The Sacred Homemaker: Scheduling – using a Calendar

Scheduling is an important tool in any homemaker’s arsenal. When it works, it really is like magic, the way stuff happens.
It’s a way of making sure nothing gets missed, and will save huge amounts of time and money. Why? Because you won’t have to put right what went wrong.
So today, we need to talk about calendars. Useful ones. Not the sort with beautiful pictures and no space to write anything.

1. You need to find one with good big squares. I have even used the ‘Family organiser’ type with a separate column for each person. Great if you have more than 1 child, but I find that the more usual type with the squares parcels the month off into weeks and that makes it easier for me to visualise what needs to happen.

Calendar blank i

2. Use a pen, not a pencil, you want to make sure you can all read it from a distance. Tie a pen to the calendar so you’ve always got one handy.

3. Location, location, location. Put the calendar near the phone, somewhere handy to where people are getting breakfast, or even in the toilet – well everyone has to look at it then, don’t they!

4. Train the family. The golden rule is this: If It Doesn’t Go on the Calendar, It Doesn’t Happen.
You need to lead by example, so all your stuff goes on there too. Then if they want to know when you are working next, don’t tell them the answer. Just say “It’s on the calendar”. In no time at all, they will go there as a first step.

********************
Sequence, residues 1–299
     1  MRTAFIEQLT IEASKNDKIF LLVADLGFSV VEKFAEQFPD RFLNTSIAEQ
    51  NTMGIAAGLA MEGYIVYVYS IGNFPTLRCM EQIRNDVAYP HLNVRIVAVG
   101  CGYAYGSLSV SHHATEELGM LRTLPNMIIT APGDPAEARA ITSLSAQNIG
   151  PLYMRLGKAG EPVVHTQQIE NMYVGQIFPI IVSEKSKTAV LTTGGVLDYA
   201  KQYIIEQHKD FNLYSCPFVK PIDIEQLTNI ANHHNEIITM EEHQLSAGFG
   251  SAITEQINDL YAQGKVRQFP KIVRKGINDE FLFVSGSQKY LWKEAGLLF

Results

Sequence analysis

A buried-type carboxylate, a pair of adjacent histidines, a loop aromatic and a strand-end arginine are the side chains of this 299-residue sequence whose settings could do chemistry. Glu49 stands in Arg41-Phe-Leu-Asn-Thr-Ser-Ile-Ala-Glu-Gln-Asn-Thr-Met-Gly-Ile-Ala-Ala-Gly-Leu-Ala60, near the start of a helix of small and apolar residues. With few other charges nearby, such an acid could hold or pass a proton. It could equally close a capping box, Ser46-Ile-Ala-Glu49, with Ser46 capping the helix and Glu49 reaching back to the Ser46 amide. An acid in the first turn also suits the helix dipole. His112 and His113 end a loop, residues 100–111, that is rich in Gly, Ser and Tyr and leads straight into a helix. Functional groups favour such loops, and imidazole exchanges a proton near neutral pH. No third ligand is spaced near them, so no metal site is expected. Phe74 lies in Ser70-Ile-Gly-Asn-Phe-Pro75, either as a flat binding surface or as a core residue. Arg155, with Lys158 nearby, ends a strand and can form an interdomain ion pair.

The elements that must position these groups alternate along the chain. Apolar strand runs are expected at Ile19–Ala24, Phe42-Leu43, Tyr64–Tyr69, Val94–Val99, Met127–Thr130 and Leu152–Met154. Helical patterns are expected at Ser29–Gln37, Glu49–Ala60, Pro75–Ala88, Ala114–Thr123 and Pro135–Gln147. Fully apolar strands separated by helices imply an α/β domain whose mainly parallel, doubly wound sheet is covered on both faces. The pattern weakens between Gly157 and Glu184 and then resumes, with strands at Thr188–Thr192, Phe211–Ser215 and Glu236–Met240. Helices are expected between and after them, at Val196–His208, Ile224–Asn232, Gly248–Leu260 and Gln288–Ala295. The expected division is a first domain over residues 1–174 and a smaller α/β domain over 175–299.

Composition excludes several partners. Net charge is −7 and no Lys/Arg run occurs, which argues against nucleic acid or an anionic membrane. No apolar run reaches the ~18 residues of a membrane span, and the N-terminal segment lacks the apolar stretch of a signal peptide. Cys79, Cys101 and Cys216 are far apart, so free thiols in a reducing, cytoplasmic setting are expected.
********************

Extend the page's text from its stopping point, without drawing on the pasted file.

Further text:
Calendar i

5. Cross off the days (small children love to be assigned this job). If something is going to happen on the 1st of the month, write it on the previous month’s page, so you don’t get any nasty surprises. For big events write ’20 days to go’ etc so that you really are focussed on how much time you have left. You may have to reprioritise.

6. Due dates for bills. Yes it’s unpleasant to look at bill reminders, but if you miss a due date, you’ll end up paying more. What could you have bought with that extra $20? I use internet banking and I schedule bill payments for a few days before, and then I write on the calendar to check that important ones (like the car registration) actually went through. It’s a double check that’s worth doing.

As a bonus, you will find that family conflict is reduced, since people tend not to schedule things together if there is another option, and if there is a clash, it is obvious and you have time to make alternative arrangements. eg. “Well since you have art on Tuesday, let’s put the car in for service on Wednesday” OR “Since we’re both away at different things on the long weekend, I’ll take the kids to my event since it’s the most child-friendly”.

A word of warning: this magical system only works if there is one calendar ONLY in a central location. Duplicates will cause far more trouble than they solve.

Scheduling doesn’t get simpler than the humble Calendar. It’s a powerful tool.

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